Battery and cables

You can test your car battery at home using a low-cost multimeter. You’ll want to check the battery with everything shut off. 

When connecting your multimeter, connect the red (positive) first, then the black (negative) terminal. Look for a reading between 12.4V and 12.7V. You should also look closely at the battery for any signs of corrosion, cracks, or bulges. Signs your battery could be going out include difficulty starting your car and dimming headlights.[5]

While checking your battery, pull out your jumper cables and ensure they’re still in working condition.

Belts

Parts of your vehicle utilize belts to keep the car running. Newer vehicles have a single belt that operates most of the equipment under the hood. However, older vehicles may have separate belts for the alternator, water pump, power steering pump, and air conditioner. 

You should change the belts on your car every 50,000 miles or once you notice excessive wear.

When inspecting any belts on your car, make sure the engine is cool. Look for cracks, slits, or frays. You should also keep an eye out for shiny belts. The glazing could cause the belt to slip or overheat.[6]

Engine air filter

An engine air filter works like an air filter in your home. The filter prevents dust and debris from getting into the engine and causing damage. Clogged filters could permanently damage your engine.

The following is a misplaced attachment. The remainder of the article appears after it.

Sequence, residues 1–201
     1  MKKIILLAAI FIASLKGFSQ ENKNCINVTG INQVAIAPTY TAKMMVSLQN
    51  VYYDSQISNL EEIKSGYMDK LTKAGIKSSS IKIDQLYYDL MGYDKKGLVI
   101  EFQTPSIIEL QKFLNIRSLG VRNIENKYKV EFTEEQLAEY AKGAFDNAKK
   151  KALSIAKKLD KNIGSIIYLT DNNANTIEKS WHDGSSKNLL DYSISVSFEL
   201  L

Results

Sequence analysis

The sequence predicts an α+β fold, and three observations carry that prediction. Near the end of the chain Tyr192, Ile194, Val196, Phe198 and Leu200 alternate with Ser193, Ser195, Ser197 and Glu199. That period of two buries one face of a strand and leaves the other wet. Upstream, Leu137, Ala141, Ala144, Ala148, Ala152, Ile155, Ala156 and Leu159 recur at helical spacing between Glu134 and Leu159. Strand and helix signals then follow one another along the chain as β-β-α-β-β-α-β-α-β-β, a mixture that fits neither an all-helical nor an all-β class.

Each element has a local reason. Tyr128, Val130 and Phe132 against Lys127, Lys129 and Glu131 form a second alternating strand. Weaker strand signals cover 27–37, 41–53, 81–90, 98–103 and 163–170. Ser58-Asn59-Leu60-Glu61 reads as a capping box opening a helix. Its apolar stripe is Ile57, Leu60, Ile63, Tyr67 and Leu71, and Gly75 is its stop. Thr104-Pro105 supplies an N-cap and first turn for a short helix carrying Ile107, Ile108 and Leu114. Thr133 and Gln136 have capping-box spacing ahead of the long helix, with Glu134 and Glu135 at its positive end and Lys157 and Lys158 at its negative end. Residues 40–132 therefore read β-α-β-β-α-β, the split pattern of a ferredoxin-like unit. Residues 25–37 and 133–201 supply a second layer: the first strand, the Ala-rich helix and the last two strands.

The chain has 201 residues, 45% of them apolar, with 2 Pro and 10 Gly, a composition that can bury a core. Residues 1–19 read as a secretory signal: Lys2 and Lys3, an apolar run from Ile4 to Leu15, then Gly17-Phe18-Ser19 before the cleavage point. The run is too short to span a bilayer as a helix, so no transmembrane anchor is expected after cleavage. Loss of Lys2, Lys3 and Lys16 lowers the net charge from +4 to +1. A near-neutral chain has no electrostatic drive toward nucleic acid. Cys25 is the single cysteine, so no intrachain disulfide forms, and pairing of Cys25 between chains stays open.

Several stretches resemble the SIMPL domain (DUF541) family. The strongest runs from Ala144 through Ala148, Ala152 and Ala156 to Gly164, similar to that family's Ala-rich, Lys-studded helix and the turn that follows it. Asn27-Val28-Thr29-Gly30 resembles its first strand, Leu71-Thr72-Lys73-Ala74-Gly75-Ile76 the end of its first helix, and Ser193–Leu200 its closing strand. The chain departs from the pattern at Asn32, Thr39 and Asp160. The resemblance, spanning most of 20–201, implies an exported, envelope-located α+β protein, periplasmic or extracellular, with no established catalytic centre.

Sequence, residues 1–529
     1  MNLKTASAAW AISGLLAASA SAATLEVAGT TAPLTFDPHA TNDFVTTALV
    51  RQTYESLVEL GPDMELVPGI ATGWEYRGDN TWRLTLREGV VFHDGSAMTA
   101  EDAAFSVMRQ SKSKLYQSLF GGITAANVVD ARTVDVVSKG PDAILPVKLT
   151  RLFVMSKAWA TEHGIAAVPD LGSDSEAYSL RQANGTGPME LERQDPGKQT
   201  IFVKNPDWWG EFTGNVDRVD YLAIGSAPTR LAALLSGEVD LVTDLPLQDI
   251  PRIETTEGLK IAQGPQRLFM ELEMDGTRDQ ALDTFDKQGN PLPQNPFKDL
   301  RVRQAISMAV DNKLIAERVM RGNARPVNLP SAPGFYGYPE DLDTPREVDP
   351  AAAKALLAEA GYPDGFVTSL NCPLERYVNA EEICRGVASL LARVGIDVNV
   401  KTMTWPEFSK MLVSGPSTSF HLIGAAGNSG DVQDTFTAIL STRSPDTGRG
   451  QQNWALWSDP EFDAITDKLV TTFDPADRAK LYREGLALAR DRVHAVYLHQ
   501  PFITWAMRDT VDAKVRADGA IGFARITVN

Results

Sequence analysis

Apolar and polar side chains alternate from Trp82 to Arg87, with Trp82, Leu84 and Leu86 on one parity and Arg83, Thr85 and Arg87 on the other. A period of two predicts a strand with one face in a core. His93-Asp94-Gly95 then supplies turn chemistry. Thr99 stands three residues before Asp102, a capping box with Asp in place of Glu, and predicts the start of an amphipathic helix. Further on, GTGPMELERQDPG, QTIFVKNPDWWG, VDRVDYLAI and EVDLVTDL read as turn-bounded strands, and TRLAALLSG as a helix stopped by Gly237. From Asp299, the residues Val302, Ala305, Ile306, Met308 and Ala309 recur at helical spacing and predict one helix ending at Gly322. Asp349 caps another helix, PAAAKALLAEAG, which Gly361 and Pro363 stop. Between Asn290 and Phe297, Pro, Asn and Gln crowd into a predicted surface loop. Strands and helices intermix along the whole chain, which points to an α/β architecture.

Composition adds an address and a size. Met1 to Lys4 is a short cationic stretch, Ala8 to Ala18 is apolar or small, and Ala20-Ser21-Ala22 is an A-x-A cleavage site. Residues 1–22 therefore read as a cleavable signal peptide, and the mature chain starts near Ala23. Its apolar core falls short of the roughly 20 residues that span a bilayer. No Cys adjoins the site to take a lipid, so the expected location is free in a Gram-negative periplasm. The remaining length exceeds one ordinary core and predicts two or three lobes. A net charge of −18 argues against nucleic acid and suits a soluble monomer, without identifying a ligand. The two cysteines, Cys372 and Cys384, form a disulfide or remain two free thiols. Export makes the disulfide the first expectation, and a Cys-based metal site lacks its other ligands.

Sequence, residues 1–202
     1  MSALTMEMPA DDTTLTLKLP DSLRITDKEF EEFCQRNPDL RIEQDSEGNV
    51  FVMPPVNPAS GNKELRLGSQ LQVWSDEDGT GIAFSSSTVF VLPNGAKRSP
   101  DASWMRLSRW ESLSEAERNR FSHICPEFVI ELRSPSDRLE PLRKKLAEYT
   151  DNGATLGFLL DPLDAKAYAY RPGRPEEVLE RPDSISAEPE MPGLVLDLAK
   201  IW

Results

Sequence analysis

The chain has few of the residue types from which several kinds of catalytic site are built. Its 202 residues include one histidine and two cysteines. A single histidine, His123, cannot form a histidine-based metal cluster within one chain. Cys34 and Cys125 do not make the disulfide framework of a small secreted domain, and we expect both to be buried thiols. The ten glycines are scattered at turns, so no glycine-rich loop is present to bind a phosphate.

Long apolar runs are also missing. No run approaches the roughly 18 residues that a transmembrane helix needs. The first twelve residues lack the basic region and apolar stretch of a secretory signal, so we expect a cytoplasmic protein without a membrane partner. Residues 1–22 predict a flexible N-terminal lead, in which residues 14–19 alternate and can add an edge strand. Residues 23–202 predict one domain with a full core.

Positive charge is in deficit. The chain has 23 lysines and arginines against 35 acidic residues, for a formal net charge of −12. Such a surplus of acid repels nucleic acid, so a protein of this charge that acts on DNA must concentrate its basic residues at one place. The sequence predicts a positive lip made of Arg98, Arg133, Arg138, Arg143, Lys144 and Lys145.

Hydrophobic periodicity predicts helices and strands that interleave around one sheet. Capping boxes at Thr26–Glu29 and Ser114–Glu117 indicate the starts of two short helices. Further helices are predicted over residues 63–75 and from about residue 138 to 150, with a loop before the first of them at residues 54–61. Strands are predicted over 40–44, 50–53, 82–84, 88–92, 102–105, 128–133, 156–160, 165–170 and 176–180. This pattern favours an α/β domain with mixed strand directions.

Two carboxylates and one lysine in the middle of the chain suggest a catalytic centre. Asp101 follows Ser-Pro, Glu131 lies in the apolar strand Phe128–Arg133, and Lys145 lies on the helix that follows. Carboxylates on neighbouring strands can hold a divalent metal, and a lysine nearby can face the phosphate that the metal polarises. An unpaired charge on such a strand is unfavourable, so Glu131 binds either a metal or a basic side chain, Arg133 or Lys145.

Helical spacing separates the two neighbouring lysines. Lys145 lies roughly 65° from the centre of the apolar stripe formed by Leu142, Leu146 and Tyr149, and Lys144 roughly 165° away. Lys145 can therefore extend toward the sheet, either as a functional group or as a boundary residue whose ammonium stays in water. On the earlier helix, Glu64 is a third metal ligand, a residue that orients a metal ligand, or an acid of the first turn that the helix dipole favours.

Many mechanics will check your air filter as part of an oil change, but if you want to check your air filter yourself, clean the area around the engine with a vacuum or rag to remove any dust or debris. You’ll need to remove any bolts or clips holding your air filter box closed before removing the filter. 

Look for damage, cracks, and wear and tear. When reinstalling the filter (or installing a new one), ensure the filter is set evenly in the box before closing it and reattaching the screws and clips.

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Average Cost of Car Insurance: Trends and Statistics (2024)

Hoses

Hoses are the weakest part of your engine and are more prone to cracking and damage. You can help prevent damage by ensuring the car’s fluids are kept to the proper levels. Car owners can check hoses once the engine is entirely cool.

Use your fingers to squeeze the hoses near the clamps. The hose should feel firm but pliant. If you find any soft spots, this is a sign that your hose may need replacing. 

Look for any cracks, chips, bulges, or deflated sections. You should also check for any fraying where hoses connect to different components.[6]

Power steering fluid

Under your hood, look for a small, clear container with a black cap. In many vehicles, it’s located near one of the wheels. If your power steering fluid has a dipstick, you can check the levels like you check your oil. If not, you can use the container to check the levels with the markings on the outside.